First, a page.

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Lack of awareness of treatment failure among HIV-1-infected patients in Guinea-Bissau - a retrospective cohort study

Sanne Jespersen, Bo Langhoff Hønge, Candida Medina, David da Silva Té, Faustino Gomes Correira, Alex Lund Laursen, Christian Erikstrup, Lars Østergaard, Christian Wejse, for the Bissau HIV Cohort study group

Abstract


Introduction: With more people receiving antiretroviral treatment (ART), the need to detect treatment failure and switch to second-line ART has also increased. We assessed CD4 cell counts (as a marker of treatment failure), determined whether patients were properly switched to second-line treatment, and mortality according to treatment failure among HIV-infected patients in Guinea-Bissau.

Methods: In this retrospective cohort study, adult patients infected with HIV-1 receiving ≥6 months of ART at an HIV clinic in Bissau were included from June 2005 to July 2014, and were followed until January 2015. Treatment failure was defined as 1) a fall in CD4 count to baseline (or below) or 2) CD4 levels persistently below 100 cells/µL after ≥6 months of ART. Cox hazard models, with time since 6 months of ART as time-varying coefficients, were used to estimate the hazard ratio for death and loss to follow-up.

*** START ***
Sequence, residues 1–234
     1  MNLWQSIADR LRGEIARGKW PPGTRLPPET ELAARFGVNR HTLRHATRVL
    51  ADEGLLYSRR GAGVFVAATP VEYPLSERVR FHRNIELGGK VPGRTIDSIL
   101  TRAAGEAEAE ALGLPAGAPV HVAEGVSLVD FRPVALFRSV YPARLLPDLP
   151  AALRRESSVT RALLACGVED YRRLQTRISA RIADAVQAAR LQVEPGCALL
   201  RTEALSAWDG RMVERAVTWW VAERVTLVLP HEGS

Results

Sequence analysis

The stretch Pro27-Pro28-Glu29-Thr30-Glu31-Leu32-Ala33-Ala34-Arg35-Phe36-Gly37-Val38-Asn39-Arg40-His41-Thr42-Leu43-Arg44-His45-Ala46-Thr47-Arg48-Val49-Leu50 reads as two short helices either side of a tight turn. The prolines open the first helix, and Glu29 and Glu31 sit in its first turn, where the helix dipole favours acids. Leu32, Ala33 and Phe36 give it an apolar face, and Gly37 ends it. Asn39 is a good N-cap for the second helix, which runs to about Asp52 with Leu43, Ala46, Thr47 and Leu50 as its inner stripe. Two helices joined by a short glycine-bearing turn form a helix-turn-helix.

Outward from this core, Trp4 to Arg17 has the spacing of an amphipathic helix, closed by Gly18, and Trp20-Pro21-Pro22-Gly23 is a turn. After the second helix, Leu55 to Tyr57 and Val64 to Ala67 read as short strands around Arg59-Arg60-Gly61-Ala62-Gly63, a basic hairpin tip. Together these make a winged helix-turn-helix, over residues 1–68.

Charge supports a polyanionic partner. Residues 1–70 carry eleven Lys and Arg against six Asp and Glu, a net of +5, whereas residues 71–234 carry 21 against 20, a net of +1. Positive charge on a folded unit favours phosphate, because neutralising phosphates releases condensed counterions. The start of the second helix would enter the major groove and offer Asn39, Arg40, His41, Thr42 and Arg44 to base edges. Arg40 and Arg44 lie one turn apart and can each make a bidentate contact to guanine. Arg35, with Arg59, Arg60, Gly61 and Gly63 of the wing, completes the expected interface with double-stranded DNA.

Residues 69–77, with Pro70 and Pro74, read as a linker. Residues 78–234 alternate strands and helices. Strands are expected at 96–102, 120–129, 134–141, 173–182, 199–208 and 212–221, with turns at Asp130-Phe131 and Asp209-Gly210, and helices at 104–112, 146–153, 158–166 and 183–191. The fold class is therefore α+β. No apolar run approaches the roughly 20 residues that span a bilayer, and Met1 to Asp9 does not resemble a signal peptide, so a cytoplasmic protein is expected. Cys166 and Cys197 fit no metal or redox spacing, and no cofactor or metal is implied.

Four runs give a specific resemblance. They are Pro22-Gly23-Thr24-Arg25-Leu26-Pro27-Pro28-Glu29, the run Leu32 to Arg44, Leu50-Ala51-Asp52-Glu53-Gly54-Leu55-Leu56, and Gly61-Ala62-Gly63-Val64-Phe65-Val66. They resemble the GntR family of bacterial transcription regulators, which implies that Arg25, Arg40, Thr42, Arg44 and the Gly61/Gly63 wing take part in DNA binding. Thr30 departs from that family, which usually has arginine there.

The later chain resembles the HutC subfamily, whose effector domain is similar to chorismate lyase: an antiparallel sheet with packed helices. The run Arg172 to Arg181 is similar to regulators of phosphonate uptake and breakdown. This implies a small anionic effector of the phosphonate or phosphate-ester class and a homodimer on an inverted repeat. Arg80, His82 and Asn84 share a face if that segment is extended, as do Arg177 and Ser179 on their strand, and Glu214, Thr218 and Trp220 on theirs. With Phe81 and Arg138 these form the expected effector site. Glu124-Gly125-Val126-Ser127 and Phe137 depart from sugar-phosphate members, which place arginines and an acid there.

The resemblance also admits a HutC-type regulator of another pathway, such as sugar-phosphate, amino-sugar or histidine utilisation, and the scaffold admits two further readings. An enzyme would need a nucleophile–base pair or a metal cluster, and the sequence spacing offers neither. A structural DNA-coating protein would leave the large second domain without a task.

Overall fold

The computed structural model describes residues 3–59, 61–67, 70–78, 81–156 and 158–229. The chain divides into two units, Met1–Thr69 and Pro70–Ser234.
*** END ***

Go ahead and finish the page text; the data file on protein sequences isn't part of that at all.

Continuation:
Results: We assessed 1,591 HIV-1-infected patients for immunological treatment failure. Treatment failure could not be determined in 594 patients (37.3%) because of missing CD4 cell counts. Among the remaining 997 patients, 393 (24.7%) experienced failure. Only 39 patients (9.9%) with failure were switched from first- to second-line ART. The overall switching rate was 3.1 per 100 person-years. Mortality rate were higher in patients with than without treatment failure, adjusted hazard rate ratio (HRR) 10.0 (95% CI. 0.9-107.8), 7.6 (95% CI: 1.6-35.5), and 3.1 (95% CI: 1.5-6.3) in the first, second and following years, respectively. During the first year of follow-up, patients experiencing treatment failure had a higher risk of being lost to follow-up than patients not experiencing treatment failure, adjusted HRR 4.4 (95% CI: 1.7-11.8).

Conclusion: We found a high rate of treatment failure, an alarmingly high number of patients where treatment failure could not be assessed, and a low rate of switching to a second-line therapy. This could lead to an increased risk of resistance development and excess mortality.




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Journal of the International AIDS Society | eISSN 1758-2652 | Editors-in-Chief: Susan Kippax and Kenneth Mayer

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